Businesses should examine themselves as a mechanical engineer examines a complex machine. The slightest error in calibration, for example, can throw off performance, sometimes significantly. I am determined to help businesses—and future business leaders—take accurate measure of organization and operations in order to maintain viability, solvency and productivity.

If a pharmaceutical company holds enough patents to effectively block competitors from marketing generic versions of its successfully-selling drug, its industrial organization will likely put less emphasis on advertising and marketing. So, it stands to reason that markets play a large role in how corporations are organized and how they function. This is why I focus so intensely on applied microeconomics and industrial organization: the two disciplines are mutually dependent. They can not be studied in isolation. With profitability and growth come new administrative costs, to be sure, but they are accompanied by more resources for research and development. Organization can work synergistically with markets—or work counter-productively against them.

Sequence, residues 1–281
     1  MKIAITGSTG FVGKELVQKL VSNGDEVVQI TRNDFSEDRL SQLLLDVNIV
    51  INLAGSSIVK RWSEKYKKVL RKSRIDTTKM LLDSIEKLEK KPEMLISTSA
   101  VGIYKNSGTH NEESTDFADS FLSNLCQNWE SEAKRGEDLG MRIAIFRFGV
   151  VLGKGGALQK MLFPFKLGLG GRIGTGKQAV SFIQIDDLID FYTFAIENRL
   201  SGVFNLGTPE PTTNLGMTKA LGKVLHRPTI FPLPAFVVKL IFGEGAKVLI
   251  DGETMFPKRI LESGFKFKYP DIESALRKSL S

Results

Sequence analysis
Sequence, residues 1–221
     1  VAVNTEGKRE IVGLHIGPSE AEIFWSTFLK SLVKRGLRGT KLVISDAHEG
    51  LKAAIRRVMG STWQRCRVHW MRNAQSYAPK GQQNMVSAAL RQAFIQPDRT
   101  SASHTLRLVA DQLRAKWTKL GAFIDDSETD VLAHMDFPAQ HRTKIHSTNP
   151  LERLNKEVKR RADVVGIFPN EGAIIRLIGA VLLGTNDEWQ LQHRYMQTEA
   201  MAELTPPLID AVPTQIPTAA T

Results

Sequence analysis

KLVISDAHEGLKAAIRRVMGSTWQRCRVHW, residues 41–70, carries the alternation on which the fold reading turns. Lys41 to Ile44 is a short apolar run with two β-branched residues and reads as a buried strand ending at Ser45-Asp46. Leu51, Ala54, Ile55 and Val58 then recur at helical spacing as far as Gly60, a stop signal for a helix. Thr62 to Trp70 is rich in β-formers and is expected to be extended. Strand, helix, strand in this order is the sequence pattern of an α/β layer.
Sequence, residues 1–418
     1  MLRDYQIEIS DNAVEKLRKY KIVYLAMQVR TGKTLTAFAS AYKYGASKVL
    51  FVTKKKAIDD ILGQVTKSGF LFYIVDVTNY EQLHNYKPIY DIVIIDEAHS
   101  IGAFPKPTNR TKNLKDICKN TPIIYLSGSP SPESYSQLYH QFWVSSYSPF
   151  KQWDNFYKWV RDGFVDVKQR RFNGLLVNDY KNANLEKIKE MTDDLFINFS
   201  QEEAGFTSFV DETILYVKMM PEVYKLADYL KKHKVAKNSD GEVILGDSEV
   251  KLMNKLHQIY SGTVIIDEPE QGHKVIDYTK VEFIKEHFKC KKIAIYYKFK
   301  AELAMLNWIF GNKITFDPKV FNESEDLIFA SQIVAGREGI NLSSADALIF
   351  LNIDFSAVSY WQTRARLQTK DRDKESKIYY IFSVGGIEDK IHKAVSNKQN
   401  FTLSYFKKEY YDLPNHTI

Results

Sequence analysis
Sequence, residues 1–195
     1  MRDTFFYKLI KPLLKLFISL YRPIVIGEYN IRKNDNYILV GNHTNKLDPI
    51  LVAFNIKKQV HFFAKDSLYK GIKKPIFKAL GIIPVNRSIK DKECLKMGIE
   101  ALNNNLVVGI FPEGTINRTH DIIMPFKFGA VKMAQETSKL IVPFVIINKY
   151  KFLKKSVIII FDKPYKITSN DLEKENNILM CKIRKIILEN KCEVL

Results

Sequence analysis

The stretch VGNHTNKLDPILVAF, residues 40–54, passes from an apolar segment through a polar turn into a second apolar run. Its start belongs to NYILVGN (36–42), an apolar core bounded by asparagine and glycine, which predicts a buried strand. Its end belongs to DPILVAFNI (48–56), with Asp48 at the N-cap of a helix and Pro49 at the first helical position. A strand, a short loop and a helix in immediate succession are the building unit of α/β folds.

While my research is directed toward these areas of industrial organization and applied microeconomics, I bring a unique set of skills and base of knowledge to the task. Having trained as an industrial engineer, I consistently try to discover how organizations respond to outside pressures (markets and regulations), where the energy (finances) is flowing and in what direction are they moving. As geeky as it sounds, numbers most often fill in the blanks so I frequently turn to econometrics as a tool of first resort—and encourage my students to do likewise. You do not have to be a Ph.D. to know the difference between barely meeting payroll and comfortably doing so if you have quantitative information to look at.

Sharing my passions with my students is immensely gratifying. At the same time, I am driven to bring these ideas to the larger community. To that end, I serve as a mentor at FourAthens, a local organization in Athens, Georgia that commits to fostering high tech start-ups in this college town. We call FourAthens a ”tech incubator” because we cast about for innovative entrepreneurs and new ideas, add funding and know-how and launch new tech companies, many of which are presently thriving. In addition, my research is frequently found in academic journals and trade publications, where I also comment on the impact of environmental regulations on economic behavior. This field assists policymakers in designing rules and businesses in responding to them.

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Chris Pope